Learning English in a Telugu Speaking State
There are multiple legitimate concerns surrounding the policy, though. Can students be taught in English well by teachers who themselves may struggle with the language? Will students be able to comprehend a language that they are not exposed to at home? These are serious concerns, yet the state government’s plans thus far, as well as the state of digital learning tools in Andhra, are encouraging.
For the upcoming academic year, only grades 1-6 will have to make the switch. As with the case with any policy, negative outcomes are sure to arise. However, the fact that it is being phased out means that those negatives can be carefully assessed before proceeding to the next rollout for Grades 6 and above in 2021-2022.
Now, to accommodate for the current students, over 1 lakh teachers are being trained in English between January and May of 2020. They are to be taught by experts in the language from Hyderabad’s English and Foreign Languages University (EFLU) and Bengaluru’s Regional Institute of English (RIE). This is significant because both EFLU and RIE specialise in more than just English literature and grammar — they especially focus on teaching English-medium educators in an Indian context. Outsourcing teaching training to them allows for already well-developed training modules to be deployed, increasing the chances of better teaching outcomes once the transition is made.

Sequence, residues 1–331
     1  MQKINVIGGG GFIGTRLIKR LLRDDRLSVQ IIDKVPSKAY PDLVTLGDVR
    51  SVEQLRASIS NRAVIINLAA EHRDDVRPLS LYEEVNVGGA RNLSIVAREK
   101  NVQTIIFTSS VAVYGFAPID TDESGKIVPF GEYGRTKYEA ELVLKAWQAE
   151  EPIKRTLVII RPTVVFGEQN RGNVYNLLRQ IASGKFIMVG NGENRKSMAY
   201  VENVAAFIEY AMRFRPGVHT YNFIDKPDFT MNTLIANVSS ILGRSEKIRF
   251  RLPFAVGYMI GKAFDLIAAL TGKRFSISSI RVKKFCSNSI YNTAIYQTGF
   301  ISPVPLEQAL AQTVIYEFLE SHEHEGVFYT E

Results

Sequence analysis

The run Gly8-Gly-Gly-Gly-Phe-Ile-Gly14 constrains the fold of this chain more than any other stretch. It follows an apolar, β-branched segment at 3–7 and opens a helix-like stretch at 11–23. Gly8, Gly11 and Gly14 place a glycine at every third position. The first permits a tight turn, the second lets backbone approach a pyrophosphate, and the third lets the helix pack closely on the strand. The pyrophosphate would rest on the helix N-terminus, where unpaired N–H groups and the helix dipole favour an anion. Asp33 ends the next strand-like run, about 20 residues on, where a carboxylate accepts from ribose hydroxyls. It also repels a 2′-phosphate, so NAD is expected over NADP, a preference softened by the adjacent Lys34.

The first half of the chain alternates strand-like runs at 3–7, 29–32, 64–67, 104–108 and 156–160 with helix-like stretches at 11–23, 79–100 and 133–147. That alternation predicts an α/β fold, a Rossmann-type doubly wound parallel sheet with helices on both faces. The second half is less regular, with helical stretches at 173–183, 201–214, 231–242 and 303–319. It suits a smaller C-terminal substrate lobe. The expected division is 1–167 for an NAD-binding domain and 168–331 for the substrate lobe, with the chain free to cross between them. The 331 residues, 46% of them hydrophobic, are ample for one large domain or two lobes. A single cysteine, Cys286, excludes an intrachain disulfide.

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Furthermore, the state government’s Andhra Pradesh e-Knowledge exchange (APEKX) portal, which partially facilitates the sharing of teaching methods amongst teachers, can help provide solutions to the difficulties teachers face teaching in the English-medium classroom. Already, over 1 lakh teachers in the state are registered with the portal, and thanks to a points-based system, they are incentivised to regularly use it.
Andhra Pradesh received DIKSHA Champion Award for being a pioneer in leveraging DIKSHA for enhancing learning outcomes #nationalawards #DIKSHA #BadiParivartana #TeachersDay2019 #DigitalSchools @AndhraPradeshCM @rajbudithi65 @BadiParivartana https://t.co/1otcLAcgHc
— Andhra Pradesh School Education (@APSchoolEdu) September 4, 2019
The state government in collaboration with the Centre’s DIKSHA has also introduced many digitised textbooks on APEKX for students, many of which are in English, and can be easily accessed from desktop computers or smartphones. While indeed there will be hiccups in implementation, there are ample free resources being made easily available for both students and teachers transitioning into a new language and curriculum.
The Road Ahead
However, the question of carrying forward Telugu culture is a legitimate one, and should be heeded by Reddy’s government. A search for the Andhra Pradesh Culture Ministry produces an outdated website from Naidu’s reign between 2014-2019. In the current state government website, cultural development is an appendage to the larger Ministry of Youth Advancement, Tourism, and Culture. The contact details for the Director of the Department of Culture aren’t even listed. If this is the state of the website, then the state of government activities promoting Telugu’s linguistic culture in schools or otherwise may be worse. Separately teaching Telugu and embracing its diverse literary cultures in all classrooms is crucial to ensure that students connect with the region’s heritage.